A Grade 7 student has penned an adorable letter thanking the City of North Vancouver for lighting up The Green Necklace central path at Grand Boulevard Park.
While the project's completion was delayed around five months, the new light fixtures at the popular greenway were finally switched on last Friday (Feb. 26) making the lives of residents who frequent the park a little brighter.
The $1 million project to light the 1.5-kilometre path, which takes pedestrians from East 19th Street at the north end to East Keith Road at the south end, with lamps, was first announced in 2019, and was scheduled to be completed by fall 2020 but there were a couple of bumps in the road.
“The original schedule had the project completed by fall 2020 so Grand Boulevard users could feel comfortable using the pathway after dark throughout the winter,” Stephanie Smiley, spokesperson for the City of North Vancouver, said.
“However, the project was delayed due to site construction conditions – large boulders and rocks beneath the surface that slowed excavation and slowed installation of wiring – and due to pandemic-related delivery delays of critical hardware components. Delivery schedules have been severely impacted by the pandemic.”
Nevertheless, Avery, a North Vancouver seventh-grader, was thrilled the lights had now been switched on.
In a letter to Mayor Linda Buchanan, she expressed her gratitude to her for “keeping our city safe.”
“I am writing to you so I can thank you for helping,” she wrote. You have helped a lot with keeping our city safe and clean. I love taking walks on Grand Blvd. Now that the city has installed lamps, I will be able to see more clearly later at night on walks.”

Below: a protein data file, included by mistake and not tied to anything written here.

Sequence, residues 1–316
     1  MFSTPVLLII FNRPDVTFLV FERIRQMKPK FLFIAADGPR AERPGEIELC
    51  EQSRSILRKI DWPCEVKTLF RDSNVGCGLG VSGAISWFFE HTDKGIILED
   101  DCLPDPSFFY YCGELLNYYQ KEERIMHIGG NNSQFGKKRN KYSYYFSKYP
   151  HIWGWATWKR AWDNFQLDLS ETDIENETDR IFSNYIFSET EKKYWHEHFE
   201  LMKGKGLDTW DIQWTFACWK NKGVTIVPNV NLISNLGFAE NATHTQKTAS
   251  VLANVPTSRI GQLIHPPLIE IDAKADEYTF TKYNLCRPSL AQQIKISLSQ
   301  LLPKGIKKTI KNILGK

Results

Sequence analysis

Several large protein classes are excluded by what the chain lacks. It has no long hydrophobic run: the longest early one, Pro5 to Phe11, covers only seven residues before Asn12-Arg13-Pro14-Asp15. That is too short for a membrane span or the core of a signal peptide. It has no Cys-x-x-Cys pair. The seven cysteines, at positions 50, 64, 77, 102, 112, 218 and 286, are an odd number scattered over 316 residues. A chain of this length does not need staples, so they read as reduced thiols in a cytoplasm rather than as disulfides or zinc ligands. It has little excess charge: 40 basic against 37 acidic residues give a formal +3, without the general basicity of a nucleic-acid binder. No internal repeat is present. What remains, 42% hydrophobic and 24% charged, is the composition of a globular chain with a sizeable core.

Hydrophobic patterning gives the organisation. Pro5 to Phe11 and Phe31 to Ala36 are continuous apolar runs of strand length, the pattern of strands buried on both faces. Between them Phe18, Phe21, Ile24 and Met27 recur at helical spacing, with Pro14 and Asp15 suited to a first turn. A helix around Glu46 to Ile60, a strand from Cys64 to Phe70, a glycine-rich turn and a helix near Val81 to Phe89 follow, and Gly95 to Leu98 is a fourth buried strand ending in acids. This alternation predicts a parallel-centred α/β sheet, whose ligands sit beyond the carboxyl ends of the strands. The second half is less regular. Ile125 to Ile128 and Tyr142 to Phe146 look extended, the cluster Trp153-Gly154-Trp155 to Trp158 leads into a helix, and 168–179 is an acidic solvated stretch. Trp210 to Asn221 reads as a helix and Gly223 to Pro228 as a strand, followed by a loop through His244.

Avery’s not the only one who enjoys the Green Necklace at Grand Boulevard either; it’s one of the city’s most popular greenways. In fact, over 160,000 trips along the central path were taken in 2020, according to the city.
Smiley said the light fixtures were carefully chosen to compliment the historic character of both the park and the neighbourhood, while providing sufficient light without causing “light pollution.”
The city installed the pedestrian-scale lighting along the entire length of the path to make the route more comfortable and safe for users.
“Now more than ever our parks and paths need to be accessible and safe,” Buchanan said.
“Lighting along the central path of Grand Boulevard will enhance this public space for the community and allow for greater use.
“Supporting the walkability of neighbourhoods is key as we work toward our goal of becoming the ‘Healthiest Small City in the World.’”
Elisia Seeber is the North Shore News’ Indigenous and civic affairs reporter. This reporting beat is made possible by the Local Journalism Initiative.